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What Is Psychiatric Name Calling and How Do We Stop It?

Crazy. Pyscho. Lunatic. Disturbed. Nuts. Looney. These are all words we hear and use for any number of reasons. Sometimes we wield them as barbs to hurt people. In other cases we use them to label events, people or situations we don’t understand.  Or we use those terms as a derogatory way to characterize people with a mental health condition. But, for the most part, a lot of these words are used pretty flippantly and without much regard. “There’s something wrong with her. She must be nuts.” “I can’t believe he did that! What a psycho.” “I need to go to the pharmacy to pick up my crazy pills.” That last example is something I’ve actually said before. That is until I realized I was adding to the stigma of mental health. And it was this realization that led me to explore the usage of words like nuts and crazy. For the most part, we’re using them to name call. Name calling, by definition, is the use of offensive names especially to win an argument or to induce rejection or condemnation (as of a person or project) without objective consideration of the facts. Dig down deeper, and when we use terms tied to mental health in a negative way, we’re literally engaging in psychiatric name calling. We are using these words as a misguided way to describe people that are violent, immoral, or simply don’t fit the confines of normal society Tying these terms to emotionally negative situations or people does not help the stigma. It only helps to perpetuate the stereotype that something is inherently wrong with people that have a mental health condition. Psychiatric name calling is so unhelpful to the conversation about mental health, that I truly believe it creates a major barrier for people who do want to or need to seek mental health help.

Why do we do this?

I think society resorts to psychiatric name calling for two reasons. The first has to do with lack of factual information about the subject. If you don’t truly know anything about mental health conditions, you wouldn’t know that 1 in 5 adults will be diagnosed with a mental health condition in the next year. You also wouldn’t know that a mental health condition isn’t a sign of laziness or failure of character; it’s a very real and complex illness that does not discriminate in who it affects. If we don’t know much about mental illness, then where are we getting our information from? I would argue that most likely, we’re getting it from the news, tv shows and film. This is reason number two many people don’t think twice about psychiatric name calling. This negative conversation about mental health begins at a very early age.  To get a little scientific, a 2003 study on the portrayal of mental health in children’s films found that 67 percent of films that depicted characters with a mental health condition, portrayed that character as violent. If they weren’t portrayed as violent, the mentally ill characters were also often feared and ridiculed in those films as well. When looking at shows for adults, you don’t have to look any further for an unhinged mentally ill character than Suzanne Warren in Orange is the New Black. Don’t remember her? You might know the character better by the name Crazy Eyes.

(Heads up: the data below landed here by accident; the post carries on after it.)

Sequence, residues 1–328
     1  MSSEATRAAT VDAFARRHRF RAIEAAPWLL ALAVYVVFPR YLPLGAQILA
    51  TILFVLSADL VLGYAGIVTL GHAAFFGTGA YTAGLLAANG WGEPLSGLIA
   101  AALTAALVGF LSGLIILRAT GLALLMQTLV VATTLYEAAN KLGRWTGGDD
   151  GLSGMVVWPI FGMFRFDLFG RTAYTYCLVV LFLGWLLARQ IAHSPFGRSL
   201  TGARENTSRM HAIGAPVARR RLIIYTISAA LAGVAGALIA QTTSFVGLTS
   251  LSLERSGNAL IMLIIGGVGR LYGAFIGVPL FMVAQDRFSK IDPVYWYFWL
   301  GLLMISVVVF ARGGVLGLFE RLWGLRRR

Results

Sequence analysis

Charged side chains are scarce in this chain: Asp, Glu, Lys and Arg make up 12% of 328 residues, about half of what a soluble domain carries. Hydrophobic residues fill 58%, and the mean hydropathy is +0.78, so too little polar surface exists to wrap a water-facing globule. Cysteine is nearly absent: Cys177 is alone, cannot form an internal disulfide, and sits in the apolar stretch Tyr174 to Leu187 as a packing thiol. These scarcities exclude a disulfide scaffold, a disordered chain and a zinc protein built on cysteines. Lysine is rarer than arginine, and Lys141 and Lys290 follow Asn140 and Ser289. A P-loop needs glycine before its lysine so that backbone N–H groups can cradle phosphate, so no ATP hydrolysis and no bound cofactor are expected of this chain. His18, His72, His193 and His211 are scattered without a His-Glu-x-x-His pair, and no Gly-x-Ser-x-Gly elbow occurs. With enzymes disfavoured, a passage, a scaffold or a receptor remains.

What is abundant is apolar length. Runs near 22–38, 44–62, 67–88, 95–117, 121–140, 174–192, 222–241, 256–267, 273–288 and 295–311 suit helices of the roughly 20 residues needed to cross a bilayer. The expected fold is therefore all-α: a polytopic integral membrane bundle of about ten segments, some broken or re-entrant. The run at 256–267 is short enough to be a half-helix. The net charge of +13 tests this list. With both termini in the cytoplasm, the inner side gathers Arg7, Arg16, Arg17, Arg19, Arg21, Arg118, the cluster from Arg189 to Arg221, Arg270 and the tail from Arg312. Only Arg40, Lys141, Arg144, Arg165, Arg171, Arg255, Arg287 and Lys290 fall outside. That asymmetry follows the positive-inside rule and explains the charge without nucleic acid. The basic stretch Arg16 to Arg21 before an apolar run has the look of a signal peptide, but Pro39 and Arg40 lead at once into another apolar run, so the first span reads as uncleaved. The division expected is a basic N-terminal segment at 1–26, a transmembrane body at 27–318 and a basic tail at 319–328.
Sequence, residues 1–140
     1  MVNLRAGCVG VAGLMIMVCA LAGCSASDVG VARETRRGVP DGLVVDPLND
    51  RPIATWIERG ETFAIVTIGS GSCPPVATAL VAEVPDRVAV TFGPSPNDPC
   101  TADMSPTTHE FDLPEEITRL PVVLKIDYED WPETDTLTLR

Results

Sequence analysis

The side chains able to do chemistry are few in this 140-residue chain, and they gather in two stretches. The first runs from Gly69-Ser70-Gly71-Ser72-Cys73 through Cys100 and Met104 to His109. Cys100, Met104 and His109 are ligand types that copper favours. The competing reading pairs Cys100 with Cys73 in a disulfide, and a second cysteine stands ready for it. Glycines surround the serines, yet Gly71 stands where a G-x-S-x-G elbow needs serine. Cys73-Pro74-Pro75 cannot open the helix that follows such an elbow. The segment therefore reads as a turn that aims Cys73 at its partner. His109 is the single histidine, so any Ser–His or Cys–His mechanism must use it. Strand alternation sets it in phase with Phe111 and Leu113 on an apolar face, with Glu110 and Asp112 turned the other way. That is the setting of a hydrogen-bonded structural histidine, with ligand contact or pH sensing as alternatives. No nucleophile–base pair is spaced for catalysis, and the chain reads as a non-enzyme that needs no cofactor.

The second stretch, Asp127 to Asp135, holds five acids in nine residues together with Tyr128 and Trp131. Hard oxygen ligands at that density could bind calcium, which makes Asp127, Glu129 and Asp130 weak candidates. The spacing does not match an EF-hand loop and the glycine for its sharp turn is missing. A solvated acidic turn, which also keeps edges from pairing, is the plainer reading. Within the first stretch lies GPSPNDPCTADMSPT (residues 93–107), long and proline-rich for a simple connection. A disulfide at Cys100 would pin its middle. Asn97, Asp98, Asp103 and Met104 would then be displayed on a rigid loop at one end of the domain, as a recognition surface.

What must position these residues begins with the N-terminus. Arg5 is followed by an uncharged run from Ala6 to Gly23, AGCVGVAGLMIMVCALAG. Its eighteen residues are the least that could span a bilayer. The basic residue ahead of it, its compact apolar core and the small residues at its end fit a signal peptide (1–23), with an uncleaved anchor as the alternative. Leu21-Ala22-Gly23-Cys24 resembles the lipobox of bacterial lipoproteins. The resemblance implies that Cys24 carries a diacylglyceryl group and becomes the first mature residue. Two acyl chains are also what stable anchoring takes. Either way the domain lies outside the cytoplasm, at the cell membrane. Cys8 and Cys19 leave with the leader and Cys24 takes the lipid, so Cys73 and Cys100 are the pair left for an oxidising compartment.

What can we do about it?

Unfortunately, the psychiatric name calling isn’t going to go away overnight. But there are a couple things we can do to right now to combat it. The first is personal accountability. This is something that I do myself. No longer do I call my medication my “crazy pills”. When I fail to understand a person’s behavior or thought process, I search for adjectives that don’t use mental health terms in a negative sense. It’s difficult, and sometimes it takes a while to find the right word, but I’m training my brain to NOT resort to psychiatric name calling. Another thing we can do is educate and spread awareness of mental health conditions. When we share the truth of what it is like to have depression, anxiety, or PTSD we’re flipping the script and normalizing mental health conditions. This is why I’m such an advocate of sharing my journey and why I’m so thankful for others out there that are being vulnerable and entrusting their stories with Still I Run. We’re taking that stigmatized narrative that’s been placed us on and we’re replacing it with something real! Together, we can do this. Together we can take control of the conversation and reveal a more positive and normal view of mental health. And maybe someday, people will no longer resort to using crazy, nuts, or deranged as derogatory words to harm others.


By Sasha Wolff

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